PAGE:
How To Find your Printer IP Address
Just about every office with more than one worker these days uses a networked printer, usually to share a nice high-end printer among several people or an entire workgroup. These printers are usually configured to be part of the local area network, so that any PC or laptop (or even tablet or smartphone) can access them to make printouts. These networked printers are an excellent way to share a resource among multiple users but present a new set of problems when you need to troubleshoot. That’s especially true if you don’t assign a static IP address to the printer or if it is wireless, as this can leave troubleshooters perplexed as to which printer it is that’s having the problem. Printers can of course be identified by their IP addresses on the network – but what if someone neglected to record that information, or what if it’s a dynamic IP address? This article will teach you how to find your printer’s IP address when you need it.
There are several different methods for finding the printer’s IP address, depending on how the printer and the network are configured. For example, if you use a dedicated print server the method will differ from that used if you have your printer set up wirelessly or connected to a router Ethernet port. It’s possible that you might have a print server outside a business context, but that’s pretty rare, and so I will ignore those in this tutorial.
The first question to answer is whether you gave your printer a static IP address or not. A static IP address is where you tell your router to always give a device the same IP address and to not give it to any other device. This is useful for items like printers or in networks with a lot of devices on them.
If your printer has a dynamic IP addresses, that means you let your router control addressing and allow it to assign any IP address it likes. This will still work and should be perfectly manageable in smaller networks.
Find your printer IP address
There are a couple of simple ways to find your printer IP address if your printer is connected wirelessly or directly to your router or print server. Before doing any of these, make sure your printer is powered on and connected to the network.
Check your printer
Most printers will have some kind of control panel where you can interrogate basic settings such as ink levels, paper type, queued jobs and so on. What the panel will say depends on the printer. If your printer is networked, one of those displays should be the network status, including IP address.
Check your router
The majority of routers will have the capacity to create network maps to allow you to see exactly what is connected to your network and what it is doing. Log into your router and look for words like ‘network map’, ‘connected device list’, ‘network topology’ or words to that effect. Essentially, you want the page that will show you exactly what is connected to your network right now.
As long as your printer is powered on and shows a network connection, it will likely be assigned an IP address by your router’s DHCP server. If you assigned it a static IP address, it will appear in the route table if your router displays it.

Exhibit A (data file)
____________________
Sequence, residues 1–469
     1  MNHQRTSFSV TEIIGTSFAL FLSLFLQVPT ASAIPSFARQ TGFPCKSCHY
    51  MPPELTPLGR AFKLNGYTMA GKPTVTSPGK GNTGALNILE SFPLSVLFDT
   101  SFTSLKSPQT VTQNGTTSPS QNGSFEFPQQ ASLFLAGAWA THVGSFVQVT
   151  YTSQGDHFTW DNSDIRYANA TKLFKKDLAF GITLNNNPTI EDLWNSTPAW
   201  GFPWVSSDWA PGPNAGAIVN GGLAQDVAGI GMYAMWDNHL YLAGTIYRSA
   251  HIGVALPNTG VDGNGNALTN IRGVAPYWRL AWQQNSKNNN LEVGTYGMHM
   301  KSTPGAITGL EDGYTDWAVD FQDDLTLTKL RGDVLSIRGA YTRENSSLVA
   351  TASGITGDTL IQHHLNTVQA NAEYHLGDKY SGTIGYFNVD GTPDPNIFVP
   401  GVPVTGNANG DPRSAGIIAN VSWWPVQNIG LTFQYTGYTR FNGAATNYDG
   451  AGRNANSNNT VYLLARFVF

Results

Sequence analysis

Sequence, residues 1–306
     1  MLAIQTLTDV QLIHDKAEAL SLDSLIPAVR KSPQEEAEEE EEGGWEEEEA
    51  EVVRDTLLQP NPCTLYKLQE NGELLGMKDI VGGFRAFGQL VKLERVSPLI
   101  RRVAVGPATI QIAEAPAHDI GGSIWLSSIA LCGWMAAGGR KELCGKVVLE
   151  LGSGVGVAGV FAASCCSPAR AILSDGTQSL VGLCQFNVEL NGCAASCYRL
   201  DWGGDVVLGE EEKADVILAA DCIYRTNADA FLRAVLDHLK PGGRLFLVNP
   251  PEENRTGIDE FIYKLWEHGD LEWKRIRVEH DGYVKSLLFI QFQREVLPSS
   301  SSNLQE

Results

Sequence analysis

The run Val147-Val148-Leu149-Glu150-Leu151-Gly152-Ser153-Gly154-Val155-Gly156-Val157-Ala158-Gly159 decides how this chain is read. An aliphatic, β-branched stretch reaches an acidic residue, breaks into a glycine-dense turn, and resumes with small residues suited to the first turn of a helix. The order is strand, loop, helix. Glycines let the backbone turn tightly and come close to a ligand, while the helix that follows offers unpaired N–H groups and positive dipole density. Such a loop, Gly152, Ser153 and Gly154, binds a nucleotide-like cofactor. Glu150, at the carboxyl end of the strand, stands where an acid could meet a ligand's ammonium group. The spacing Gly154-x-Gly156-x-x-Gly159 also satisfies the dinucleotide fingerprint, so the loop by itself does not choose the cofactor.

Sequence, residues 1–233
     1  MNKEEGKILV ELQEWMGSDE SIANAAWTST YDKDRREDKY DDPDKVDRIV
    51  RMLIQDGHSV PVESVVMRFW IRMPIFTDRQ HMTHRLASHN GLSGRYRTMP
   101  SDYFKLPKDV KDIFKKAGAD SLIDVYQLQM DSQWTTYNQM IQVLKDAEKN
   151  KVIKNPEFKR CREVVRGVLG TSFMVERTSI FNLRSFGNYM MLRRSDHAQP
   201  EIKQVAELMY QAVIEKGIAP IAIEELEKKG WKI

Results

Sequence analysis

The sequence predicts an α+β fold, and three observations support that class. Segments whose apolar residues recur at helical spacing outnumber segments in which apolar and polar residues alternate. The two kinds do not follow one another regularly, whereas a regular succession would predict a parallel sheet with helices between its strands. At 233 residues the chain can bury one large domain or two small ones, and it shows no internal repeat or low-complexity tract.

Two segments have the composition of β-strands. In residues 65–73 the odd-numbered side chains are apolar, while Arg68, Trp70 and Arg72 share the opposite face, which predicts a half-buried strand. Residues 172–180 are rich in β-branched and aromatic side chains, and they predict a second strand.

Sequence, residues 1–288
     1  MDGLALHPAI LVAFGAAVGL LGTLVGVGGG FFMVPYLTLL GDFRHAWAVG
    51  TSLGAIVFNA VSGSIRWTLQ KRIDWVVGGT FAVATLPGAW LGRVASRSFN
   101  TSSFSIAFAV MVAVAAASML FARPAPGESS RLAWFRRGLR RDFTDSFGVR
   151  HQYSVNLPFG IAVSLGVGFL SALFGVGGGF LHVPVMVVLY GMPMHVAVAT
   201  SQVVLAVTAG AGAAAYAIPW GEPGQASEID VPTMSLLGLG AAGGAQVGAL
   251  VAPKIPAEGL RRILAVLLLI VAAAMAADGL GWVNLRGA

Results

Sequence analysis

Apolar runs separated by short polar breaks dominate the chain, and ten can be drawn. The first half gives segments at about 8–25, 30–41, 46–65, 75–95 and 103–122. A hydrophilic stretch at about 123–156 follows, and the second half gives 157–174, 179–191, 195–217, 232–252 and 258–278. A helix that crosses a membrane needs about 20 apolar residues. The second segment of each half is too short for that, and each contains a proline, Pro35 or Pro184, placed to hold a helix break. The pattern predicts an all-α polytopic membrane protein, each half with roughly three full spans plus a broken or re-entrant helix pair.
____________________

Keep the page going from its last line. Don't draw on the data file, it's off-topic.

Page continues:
Find your printer IP address in Windows
There are a couple of command line instructions you can use to tell you what IP addresses are being used at any one time. One is useful for dynamic IP addresses and one is more suitable for static IP allocation.
If you know your printer’s MAC (or hardware) address, you will be able to immediately identify it. If you don’t, you will only be able to approximately identify it. You will then have to work through assigned IP addresses until you get to your printer.
Find a printer with a static IP
If you cannot find out the IP address from the printer itself or from your router, you can ask Windows to find out for you. You will need to open a CMD window as an administrator first.
- Right click the Windows task bar and select Task Manager.
- Select File and Run New Task.
- Check the box next to Open as an administrator and type CMD into the box. Hit Enter.
- Type ‘ipconfig /all’ into the CMD window and hit Enter.
- Find your Ethernet adapter IPv4 Address.
- Add 15 to that Ethernet adapter IPv4 Address. So if your address is 192.168.0.4, you would have 192.168.0.19. It can be any number, but 15 is good for a home network. (The idea is to pick a final IP number that’s higher than anything attached to your existing network, so if you have 30 devices on your network, add 30.)
- Type ‘ping 192.168.0.19’ and hit Enter. This will cause Windows to discover what’s on your network.
- Type ‘netstat -r’ and hit Enter. Your printer IP address will be within the IPv4 Route Table that this command generates.
Depending on how many devices you have connected, there should only be a couple of returns in the table. Look for an entry very similar to your Ethernet adapter IPv4 Address from step 6. Work through them as one will be your printer.
Find a printer with a dynamic IP
Finding a printer with a dynamic IP uses a similar command to that above but will discover dynamic IP addresses instead.
- Open a CMD window as an administrator.
- Type ‘ping 192.168.0.19’ and hit Enter. If you previously followed the steps above, you don’t need to do this again.
- Type ‘arp -a’ and hit Enter.
You should see a list of connected devices. Your printer will be one of those listed at the top with ‘dynamic’ as Type in the third column. Again, work through the list until you get to your printer.